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Issue 61, March-May 1999 Energy Wise News - By Cathy Sheehan
Simon Cope's electricity meter spins backwards when the sun shines!
Renewable energy expert Simon Cope, who lives in what was previously Auckland’s only independently-powered suburban house, has now arranged for his house to be connected to the power lines and to pay only for the net amount of energy he obtains from the power company.
If he is in credit, the power company will pay him.
Cope, his wife Kristina and daughter Isabella live in Mt Roskill, Auckland, in a house powered by 1200 Watts from Canon and Siemens solar photovoltaic panels on the roof.
The standard contract to supply power already catered for embedded generation such as diesel generators and cogeneration. Cope says all they needed to do was substitute the word “solar” in the right places. “If only I’d known this ages ago,” he said. “The inverter synchs into Vector’s network. If the batteries are full and we generate more than we need, the inverter spins backwards.”
Cope had help from Graham Slack, formerly of Mercury Energy, Vector’s technology services consultant Peter Richards, Carl Emerson of Freepower Ltd and Alice Leney of Greenpeace.
This development, along with Greenpeace’s Auckland office’s connection to the grid, makes New Zealand-wide “net metering” a possibility. Says Cope: “This opens the industry up to many more avenues, of commercial systems, green power, cheaper systems, and a much more modular approach - add as you can afford, and watch your power bill go down.”
Although solar photovoltaic generation is still an expensive option for urban householders who, unlike some rural dwellers, do not need to pay tens of thousands of dollars to connect to the grid, it is a choice for people who wish to reduce their impact on the environment.
A system similar to the Copes’, including the energy-efficient appliances, would cost around $22,000 - around the cost of a new Mazda 323.
Cope says people are buying renewable energy systems for ideological reasons (green-ness) and as a precaution against the power outages we commonly get in Auckland city.
The price of solar PV has dropped dramatically in recent years and developers at the forefront of the technology aim to make it competitive by early next century. (Simon's Note: As of 2009 the main solar PV manufacturers in the USA have started to manufacture PV's at less than USD$1.00 per watt. This is THE holy grail figure they have all being working towards for 20+ years that I have been associated with the industry :-)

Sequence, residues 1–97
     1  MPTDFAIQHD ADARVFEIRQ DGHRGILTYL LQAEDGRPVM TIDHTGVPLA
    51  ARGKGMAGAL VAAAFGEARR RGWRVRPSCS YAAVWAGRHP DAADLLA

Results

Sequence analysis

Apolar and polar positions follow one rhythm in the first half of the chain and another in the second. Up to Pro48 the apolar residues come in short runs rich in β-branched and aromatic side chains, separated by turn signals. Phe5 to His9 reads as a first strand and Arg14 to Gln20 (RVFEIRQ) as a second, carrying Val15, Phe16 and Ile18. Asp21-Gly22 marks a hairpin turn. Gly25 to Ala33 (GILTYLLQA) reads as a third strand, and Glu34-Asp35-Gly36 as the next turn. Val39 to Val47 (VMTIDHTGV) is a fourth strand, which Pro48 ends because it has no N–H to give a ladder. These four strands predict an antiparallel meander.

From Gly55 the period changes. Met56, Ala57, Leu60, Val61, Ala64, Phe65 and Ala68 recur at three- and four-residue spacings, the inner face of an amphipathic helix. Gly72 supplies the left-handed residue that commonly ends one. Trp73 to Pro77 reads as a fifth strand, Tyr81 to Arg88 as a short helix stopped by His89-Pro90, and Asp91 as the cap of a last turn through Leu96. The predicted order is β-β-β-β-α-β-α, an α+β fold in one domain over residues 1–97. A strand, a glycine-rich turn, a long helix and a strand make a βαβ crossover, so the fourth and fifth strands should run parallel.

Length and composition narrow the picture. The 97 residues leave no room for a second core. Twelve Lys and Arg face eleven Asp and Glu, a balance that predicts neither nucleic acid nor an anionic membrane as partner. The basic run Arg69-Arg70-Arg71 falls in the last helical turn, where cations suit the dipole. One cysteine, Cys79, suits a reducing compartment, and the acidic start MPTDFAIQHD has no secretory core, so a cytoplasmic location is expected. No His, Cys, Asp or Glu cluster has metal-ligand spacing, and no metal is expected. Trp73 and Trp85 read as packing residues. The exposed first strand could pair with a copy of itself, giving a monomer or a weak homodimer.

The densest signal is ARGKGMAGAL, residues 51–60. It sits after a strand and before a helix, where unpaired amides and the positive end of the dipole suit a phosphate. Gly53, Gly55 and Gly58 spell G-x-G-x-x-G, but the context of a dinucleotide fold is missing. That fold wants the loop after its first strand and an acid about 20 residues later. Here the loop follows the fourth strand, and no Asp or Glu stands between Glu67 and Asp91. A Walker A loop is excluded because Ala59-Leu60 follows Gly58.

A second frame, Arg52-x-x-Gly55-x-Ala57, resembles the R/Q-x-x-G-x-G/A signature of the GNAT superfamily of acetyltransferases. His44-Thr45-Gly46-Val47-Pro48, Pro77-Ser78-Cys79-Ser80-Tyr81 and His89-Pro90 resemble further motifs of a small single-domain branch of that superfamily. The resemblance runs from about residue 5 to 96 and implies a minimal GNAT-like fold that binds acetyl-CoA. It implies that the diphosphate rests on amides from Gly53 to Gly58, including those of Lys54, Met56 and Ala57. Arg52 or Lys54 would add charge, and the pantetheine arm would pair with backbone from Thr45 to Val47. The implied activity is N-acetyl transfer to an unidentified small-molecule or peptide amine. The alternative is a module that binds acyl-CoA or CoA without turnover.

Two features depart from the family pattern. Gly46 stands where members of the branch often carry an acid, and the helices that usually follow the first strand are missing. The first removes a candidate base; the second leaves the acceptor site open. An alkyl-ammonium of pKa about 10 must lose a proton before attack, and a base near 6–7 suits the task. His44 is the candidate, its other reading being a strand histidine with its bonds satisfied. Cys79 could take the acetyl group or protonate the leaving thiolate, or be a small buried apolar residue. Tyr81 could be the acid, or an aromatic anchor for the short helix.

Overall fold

Every unit of electricity which comes directly from the sun displaces a unit produced by burning fossil fuels, which emits greenhouse gases.
The price and awkwardness of batteries has been a disincentive for people who wished to generate their own renewable energy.
Cope says a grid-connected household with the opportunity to generate power from wind or a micro-hydro turbine is in a good position to make a profit from net metering, as these two forms of generation are cheaper than solar PV.
Many power companies overseas encourage net metering, as it is a source of “green energy” which can be sold at a premium price to another customer (see Integral Energy in Australia).
Cope says the first place to start is by making the home energy efficient; turning everything such as PC monitors off when not in use; and reducing load by replacing incandescent light bulbs with compact fluorescents and upgrading to energy-efficient appliances. Only then should the householder seek to offset energy costs through renewable energy generation.
Are you interested in learning first-hand about how to significantly reduce your power bill in your home? Come and tour the Solar Energy House in Meadowbank, Auckland and see all the improvements Simon Cope made on his first home... Otherwise, click here to read about the different suppliers of energy efficient and/or environmentally friendly technology and services that enables Simon to have a 550m2 house that only uses ~$80 of power a month to run (with 5 adults, 2 businesses, 7 computers who work and play in the house 24x7x365 !
Their hot water is heated by a Solahart solar unit, and they have a high-efficiency Gram fridge and Elcold freezer from Denmark. The house has compact fluorescent light bulbs, and appliances are switched off completely when they are not being used - even the clock on a microwave switched on all the time consumes electricity.
When they were independent of the electricity grid, the Copes needed 48 two-volt battery cells, each with a storage capacity of 600 amp-hours. This was enough to cater for two weeks of little or no solar energy. The batteries filled the garage and were expensive to buy, maintain and replace.
Now Cope says he can sell off most of his batteries and keep only enough for half a day’s storage - his inverter is an older model which requires some battery storage, and he also wants to guard against power cuts or unreliability. A new grid-interactive inverter would not require any battery storage.
The Copes expect to pay a supply charge of around $35 a month to be joined to the grid, with its continuous availability of power. However, this will be offset by savings in maintenance and replacement of batteries, and by energy sales.
No complicated new arrangements needed to be hammered out with the energy supplier, Mercury Energy, whose lines business is now owned by a separate company called Vector.
How a grid-interactive solar PV system works (from The Sustainable House by Michael Mobbs).
Simon & Kristina Cope's solar house in Mt Roskill, Auckland. We have now (as of 2004) moved to Meadowbank, Auckland.
Solar Energy House C/- Simon & Kristina Cope | 19 Manapau Street, Meadowbank, Auckland 1072 | New Zealand | Contact us now to arrange your tour